• Run in the classroom or outside.
  • Planned and overseen by a teacher but they are often run by a Teaching Assistant.
  • Work with specific targets to help your child make more progress. The targets will be identified in advance and need to be achieved within a specific time period, normally a term.

The progress made with the intervention is tracked and monitored closely to decide whether any additional support is needed for your child.

Specialist groups run by outside agencies

This type of support is available for children with specific barriers to learning that cannot be overcome through Quality First Teaching and intervention groups. This means they have been assessed as needing some extra specialist support in school. This may be from, Local Authority services such as the SENIT, and Educational Psychologist or Behaviour Support Service. Outside agencies such as Speech and Language Therapy (SALT) Service, Physiotherapy and Occupational Therapy.

Individual support

This is usually provided through an Education Health and Care Plan (known as a Single Plan in Gateshead). This means your child will have been identified by a specialist professional as needing a higher level of support than the school can provide from their SEN budget. This is a legal process, which is carried out by the LA, which sets out the amount of support that will be provided for your child. School will discuss with you if they think that this is required.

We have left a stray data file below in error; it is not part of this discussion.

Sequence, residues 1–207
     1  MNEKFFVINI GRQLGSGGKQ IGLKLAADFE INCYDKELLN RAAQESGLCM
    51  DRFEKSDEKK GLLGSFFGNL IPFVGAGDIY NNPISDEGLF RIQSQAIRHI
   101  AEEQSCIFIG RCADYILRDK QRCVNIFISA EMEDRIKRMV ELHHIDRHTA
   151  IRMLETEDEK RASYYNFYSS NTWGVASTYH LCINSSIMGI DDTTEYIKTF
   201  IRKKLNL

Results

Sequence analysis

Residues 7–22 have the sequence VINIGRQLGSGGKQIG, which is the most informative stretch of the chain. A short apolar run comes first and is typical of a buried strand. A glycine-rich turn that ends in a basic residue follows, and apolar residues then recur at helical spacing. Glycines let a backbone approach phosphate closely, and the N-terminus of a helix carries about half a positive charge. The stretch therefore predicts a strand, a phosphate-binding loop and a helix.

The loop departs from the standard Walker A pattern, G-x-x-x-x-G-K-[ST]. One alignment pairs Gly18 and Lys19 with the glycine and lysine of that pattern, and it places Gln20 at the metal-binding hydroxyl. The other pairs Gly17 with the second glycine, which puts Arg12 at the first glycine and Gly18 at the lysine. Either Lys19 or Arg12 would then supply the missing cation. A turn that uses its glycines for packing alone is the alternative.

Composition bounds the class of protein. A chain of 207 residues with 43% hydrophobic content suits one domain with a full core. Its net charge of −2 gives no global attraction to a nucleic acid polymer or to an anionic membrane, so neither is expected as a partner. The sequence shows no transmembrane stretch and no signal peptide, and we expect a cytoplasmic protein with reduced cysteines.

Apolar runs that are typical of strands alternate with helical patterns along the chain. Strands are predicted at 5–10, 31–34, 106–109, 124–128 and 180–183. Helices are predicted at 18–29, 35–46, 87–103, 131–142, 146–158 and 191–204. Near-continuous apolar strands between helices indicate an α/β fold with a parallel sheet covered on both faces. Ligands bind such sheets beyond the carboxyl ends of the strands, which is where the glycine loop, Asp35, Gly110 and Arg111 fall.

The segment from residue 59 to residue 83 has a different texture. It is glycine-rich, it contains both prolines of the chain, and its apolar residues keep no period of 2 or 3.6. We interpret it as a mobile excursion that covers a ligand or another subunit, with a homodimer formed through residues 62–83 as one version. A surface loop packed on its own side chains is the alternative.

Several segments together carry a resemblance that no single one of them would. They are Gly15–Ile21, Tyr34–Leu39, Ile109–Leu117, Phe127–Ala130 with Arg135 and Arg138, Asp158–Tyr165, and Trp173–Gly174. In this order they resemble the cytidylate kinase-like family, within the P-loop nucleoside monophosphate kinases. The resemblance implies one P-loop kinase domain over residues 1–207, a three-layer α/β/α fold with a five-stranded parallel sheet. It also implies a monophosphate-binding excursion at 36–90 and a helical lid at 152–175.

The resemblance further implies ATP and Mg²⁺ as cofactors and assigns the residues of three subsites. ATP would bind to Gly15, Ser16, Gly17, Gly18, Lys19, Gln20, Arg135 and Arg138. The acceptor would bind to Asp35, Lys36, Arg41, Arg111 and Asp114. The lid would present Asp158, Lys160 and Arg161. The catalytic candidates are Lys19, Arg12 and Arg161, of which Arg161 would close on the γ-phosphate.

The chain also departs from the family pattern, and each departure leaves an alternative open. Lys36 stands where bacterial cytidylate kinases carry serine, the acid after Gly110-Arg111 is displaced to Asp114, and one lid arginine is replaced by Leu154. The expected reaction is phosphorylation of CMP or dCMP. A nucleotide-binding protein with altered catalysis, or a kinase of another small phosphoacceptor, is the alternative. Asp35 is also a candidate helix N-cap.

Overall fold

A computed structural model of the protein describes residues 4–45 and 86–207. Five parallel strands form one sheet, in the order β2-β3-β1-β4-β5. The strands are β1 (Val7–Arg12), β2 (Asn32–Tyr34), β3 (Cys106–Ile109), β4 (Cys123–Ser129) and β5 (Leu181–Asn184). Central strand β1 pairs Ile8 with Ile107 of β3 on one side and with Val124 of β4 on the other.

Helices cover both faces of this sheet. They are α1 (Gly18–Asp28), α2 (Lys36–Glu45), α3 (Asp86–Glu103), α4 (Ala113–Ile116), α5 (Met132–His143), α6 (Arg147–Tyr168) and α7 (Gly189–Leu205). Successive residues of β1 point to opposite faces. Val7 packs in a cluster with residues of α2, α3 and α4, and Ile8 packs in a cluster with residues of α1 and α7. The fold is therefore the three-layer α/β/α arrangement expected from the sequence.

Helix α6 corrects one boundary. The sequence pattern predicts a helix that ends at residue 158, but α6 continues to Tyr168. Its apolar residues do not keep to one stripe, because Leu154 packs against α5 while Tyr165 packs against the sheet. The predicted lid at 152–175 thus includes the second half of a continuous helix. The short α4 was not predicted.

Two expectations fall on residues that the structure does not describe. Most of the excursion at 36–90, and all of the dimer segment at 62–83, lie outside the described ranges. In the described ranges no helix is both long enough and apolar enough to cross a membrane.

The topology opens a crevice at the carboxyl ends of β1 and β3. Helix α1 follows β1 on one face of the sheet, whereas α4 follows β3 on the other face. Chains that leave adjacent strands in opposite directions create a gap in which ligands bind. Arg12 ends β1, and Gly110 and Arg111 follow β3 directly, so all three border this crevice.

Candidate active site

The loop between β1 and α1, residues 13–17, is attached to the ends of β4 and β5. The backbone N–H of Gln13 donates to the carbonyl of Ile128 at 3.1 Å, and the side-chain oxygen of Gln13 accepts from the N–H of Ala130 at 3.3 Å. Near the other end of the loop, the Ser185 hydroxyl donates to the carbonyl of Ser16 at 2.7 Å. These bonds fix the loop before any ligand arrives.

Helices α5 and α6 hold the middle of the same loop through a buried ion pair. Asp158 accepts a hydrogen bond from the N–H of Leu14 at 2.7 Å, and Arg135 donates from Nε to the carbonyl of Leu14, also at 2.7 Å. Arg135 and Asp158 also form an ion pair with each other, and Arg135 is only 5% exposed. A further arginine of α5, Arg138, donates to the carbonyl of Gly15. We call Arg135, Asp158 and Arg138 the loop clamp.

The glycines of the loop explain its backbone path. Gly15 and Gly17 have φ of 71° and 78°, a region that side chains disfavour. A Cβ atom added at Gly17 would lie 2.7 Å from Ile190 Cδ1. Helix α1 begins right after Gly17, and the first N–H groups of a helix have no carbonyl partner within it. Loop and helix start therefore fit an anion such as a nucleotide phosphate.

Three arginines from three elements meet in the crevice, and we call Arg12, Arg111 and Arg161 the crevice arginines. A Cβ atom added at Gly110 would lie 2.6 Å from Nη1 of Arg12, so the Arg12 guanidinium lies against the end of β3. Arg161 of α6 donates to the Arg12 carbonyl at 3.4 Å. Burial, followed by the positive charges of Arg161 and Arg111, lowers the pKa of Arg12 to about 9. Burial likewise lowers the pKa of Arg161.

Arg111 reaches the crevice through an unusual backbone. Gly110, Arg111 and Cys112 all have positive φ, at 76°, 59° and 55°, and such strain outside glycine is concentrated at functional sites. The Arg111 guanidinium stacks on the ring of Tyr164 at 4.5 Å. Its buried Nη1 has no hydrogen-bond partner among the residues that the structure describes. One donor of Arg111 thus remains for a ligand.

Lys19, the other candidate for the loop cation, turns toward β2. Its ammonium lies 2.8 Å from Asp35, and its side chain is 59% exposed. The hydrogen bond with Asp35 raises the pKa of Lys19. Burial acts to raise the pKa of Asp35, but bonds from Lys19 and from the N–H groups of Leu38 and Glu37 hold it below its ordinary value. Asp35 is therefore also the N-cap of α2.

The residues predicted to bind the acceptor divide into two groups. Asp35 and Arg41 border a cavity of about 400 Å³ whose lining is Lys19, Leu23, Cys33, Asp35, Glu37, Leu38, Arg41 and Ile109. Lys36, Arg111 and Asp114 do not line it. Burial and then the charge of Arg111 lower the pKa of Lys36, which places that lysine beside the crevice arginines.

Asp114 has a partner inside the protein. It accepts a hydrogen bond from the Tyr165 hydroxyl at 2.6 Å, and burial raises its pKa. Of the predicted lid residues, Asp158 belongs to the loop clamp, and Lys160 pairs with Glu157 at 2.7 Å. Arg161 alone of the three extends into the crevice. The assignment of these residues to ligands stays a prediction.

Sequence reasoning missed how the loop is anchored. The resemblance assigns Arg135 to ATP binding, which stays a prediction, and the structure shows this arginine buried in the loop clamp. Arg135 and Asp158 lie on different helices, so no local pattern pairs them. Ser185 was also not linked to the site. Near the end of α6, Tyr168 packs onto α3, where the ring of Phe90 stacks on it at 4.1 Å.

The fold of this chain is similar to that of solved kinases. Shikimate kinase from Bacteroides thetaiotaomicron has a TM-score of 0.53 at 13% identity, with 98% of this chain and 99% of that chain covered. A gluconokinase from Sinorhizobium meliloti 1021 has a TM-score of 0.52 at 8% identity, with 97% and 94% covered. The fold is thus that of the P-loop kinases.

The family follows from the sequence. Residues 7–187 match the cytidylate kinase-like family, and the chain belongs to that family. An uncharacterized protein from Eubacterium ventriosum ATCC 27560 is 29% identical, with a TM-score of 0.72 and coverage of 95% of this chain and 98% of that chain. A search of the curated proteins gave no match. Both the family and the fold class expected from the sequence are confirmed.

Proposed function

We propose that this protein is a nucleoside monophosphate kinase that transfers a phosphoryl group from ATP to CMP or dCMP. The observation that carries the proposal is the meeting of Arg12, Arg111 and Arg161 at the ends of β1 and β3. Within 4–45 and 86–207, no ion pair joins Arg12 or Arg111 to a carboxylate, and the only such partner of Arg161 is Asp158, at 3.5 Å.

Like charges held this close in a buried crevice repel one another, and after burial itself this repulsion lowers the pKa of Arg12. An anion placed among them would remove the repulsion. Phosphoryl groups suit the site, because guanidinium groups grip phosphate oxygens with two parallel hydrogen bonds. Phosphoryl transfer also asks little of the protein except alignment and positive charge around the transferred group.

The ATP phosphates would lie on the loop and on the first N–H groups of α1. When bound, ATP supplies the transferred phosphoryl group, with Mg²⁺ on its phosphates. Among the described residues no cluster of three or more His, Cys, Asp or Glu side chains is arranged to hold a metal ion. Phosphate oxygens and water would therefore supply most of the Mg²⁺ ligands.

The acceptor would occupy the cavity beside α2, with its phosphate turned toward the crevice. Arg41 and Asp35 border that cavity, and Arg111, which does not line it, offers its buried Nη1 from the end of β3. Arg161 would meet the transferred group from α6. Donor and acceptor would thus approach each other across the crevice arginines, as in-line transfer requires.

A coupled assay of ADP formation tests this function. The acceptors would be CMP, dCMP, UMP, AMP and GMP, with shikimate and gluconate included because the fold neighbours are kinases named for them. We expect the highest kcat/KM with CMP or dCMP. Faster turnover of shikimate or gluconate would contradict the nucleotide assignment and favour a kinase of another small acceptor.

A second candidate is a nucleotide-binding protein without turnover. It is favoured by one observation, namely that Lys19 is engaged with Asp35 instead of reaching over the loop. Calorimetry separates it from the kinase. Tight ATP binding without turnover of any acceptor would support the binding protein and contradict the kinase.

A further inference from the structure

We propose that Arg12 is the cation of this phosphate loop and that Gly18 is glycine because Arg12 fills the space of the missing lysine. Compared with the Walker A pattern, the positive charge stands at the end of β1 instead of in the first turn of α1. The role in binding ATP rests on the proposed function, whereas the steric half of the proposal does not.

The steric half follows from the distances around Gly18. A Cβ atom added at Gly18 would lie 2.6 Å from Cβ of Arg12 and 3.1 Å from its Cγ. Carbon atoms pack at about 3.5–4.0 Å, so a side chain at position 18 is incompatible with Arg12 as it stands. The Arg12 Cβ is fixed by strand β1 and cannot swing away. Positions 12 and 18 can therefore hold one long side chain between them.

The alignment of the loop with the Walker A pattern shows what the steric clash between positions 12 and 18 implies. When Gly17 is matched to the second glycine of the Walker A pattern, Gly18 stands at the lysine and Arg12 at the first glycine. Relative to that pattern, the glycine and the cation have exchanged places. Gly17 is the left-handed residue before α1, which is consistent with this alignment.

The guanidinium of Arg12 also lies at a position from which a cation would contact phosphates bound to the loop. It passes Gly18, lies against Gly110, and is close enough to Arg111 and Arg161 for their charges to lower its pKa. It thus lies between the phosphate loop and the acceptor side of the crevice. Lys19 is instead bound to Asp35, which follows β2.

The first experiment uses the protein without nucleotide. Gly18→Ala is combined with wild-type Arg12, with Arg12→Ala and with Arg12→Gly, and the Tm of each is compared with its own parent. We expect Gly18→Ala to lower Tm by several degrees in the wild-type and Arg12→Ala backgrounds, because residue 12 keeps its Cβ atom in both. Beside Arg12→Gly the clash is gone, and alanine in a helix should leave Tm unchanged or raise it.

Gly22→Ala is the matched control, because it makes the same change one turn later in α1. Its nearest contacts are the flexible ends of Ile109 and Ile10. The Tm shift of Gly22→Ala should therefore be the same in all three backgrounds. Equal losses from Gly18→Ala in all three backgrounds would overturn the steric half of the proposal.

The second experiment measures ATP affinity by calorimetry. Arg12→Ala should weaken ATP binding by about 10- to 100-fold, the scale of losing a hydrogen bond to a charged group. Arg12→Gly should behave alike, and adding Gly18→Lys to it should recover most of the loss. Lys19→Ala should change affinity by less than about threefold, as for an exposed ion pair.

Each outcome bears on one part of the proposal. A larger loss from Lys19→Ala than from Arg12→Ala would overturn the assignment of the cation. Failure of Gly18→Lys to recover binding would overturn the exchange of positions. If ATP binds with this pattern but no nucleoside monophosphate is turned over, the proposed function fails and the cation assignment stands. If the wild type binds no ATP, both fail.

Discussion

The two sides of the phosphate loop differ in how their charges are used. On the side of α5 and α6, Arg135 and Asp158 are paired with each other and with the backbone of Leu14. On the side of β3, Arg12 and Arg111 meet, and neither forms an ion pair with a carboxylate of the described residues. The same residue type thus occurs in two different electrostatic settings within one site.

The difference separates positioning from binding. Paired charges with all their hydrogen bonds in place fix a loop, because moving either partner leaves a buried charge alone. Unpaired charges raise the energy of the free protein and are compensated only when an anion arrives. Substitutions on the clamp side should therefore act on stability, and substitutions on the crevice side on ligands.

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Emotional and Social

As well as providing academic support, school can also provide emotional and social support for students. This can include:

  • Social skills/nurture group interventions – provided by both internal staff and external agencies
  • Opportunities to talk to trusted staff in school
  • Self-esteem interventions – such as Friendship groups, dealing with disagreements and upset
  • Anti-bullying policies. This can be taught within PSHE curriculum
  • Administration of medicines where necessary
  • Counselling support from outside agencies for those vulnerable children.
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Complaints

  • Parent/carers should contact the SENDCo with any complaints about the provision that the student is receiving at school. If the complaint is not resolved, the school has a complaints policy which can be found at

    https://kelvingroveprimaryschool.org/policies/

    Parents/carers can contact the Special Educational Needs and Disability Information and Advice Service (SENDIAS) which is run by Barnardos in Gateshead (tel 0191 4784667). This is a free, confidential service for young people who have SEND and their parent/carers. The service is available whether or not the young person has an Education Health Care Plan.

    Gateshead Council has developed a Local Offer which provides information about education, health and social care support for children and young people with SEND in Gateshead. The Local Offer can be found at www.gateshead.gov.uk/localoffer.

Please click the link for more information about Gateshead Council’s Local Offer

www.gateshead.gov.uk/article/2694/Gateshead-Local-Offer